In April 1918 the first Arab powered aircraft underwent trials, and the Arab engine began to cause problems. The prototype had to make a forced landing while on its way to Grain for the trails. In tests it proved to be more nose heavy. During tests of take-off length and acceleration the prop shaft broke and the aircraft had to make a second forced landing. By the end of July only two aircraft were available out of the 100 that had been expected, and the engine was still causing problems.

Aircraft did slowly reach the navy. The aircraft completed type trials with torpedoes in mid-June 1918. The first production aircraft arrived on 1 June and by the end of August fourteen had reached the Torpedo School at East Fortune. The aircraft needed some minor modifications to the tail and a new radiator, but the engine was still the main problem.

As a result of all of these delays the T.1 wasn’t ready for service when the war ended. However work on the type continued. Only after the armistice did it become the Sopwith Cuckoo. A new engine, the Wolseley Viper, was chosen. Arab powered aircraft became the Cuckoo Mk I, the first Viper powered version the Cuckoo Mark II.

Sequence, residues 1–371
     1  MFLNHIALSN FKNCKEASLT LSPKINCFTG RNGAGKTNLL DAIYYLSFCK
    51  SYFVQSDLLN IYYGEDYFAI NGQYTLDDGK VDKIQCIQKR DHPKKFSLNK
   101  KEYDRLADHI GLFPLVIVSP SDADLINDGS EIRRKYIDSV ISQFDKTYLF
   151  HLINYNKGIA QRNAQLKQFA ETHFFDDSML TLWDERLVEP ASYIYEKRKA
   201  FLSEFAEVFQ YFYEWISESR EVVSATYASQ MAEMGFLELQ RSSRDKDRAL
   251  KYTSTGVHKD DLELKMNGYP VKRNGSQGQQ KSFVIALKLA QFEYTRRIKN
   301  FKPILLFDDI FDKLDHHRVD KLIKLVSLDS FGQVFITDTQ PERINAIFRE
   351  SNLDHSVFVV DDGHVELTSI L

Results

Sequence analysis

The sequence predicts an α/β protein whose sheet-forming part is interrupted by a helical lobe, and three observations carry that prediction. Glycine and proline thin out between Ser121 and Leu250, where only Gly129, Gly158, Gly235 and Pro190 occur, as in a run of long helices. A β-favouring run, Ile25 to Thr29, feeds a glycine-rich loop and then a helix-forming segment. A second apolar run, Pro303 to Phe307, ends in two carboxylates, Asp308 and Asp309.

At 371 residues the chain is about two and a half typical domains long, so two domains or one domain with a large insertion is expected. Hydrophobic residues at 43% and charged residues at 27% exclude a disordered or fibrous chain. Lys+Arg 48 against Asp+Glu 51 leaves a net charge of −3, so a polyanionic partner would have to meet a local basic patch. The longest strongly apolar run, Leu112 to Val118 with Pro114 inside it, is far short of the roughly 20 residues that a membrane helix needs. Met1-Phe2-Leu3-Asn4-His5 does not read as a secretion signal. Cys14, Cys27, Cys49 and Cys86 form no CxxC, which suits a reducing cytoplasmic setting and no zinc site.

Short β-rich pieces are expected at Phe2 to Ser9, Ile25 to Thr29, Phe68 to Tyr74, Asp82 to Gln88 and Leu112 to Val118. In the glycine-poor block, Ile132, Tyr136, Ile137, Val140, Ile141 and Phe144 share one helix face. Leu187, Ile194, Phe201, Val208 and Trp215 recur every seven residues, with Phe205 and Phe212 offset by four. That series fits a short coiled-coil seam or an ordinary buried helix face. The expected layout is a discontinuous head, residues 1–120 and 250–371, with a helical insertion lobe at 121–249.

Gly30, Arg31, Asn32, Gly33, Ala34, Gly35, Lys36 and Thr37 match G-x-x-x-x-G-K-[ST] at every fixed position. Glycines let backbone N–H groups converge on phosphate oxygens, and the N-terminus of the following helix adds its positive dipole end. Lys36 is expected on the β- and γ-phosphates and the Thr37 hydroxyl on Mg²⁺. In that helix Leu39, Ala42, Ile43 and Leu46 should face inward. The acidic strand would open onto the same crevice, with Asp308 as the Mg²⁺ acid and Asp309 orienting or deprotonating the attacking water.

Once enough aircraft had reached No.201 Training Depot Station at East Fortune, torpedo dropping training began. The Cuckoo was felt to be the best torpedo bomber available at the end of the war, and was more manoeuvrable than its more modern rivals (the Short Shirl and Blackburn Blackburd).

Sopwith T.1 Cuckoo drops torpedo Sopwith T.1 Cuckoo drops torpedo

Towards the end of the war plans were in place to use the new aircraft carrier HMS Argus as a specialist torpedo bomber carrier. No.185 Squadron, RAF, was formed at East Fortune on 21 October 1918 to operate on the Argus and by mid November it had twelve Cuckoos. However the armistice ended most interest in the torpedo bomber, especially in the RAF. No.185 Squadron was reduced to a cadre unit on 9 April 1919 and officially disbanded on 14 April.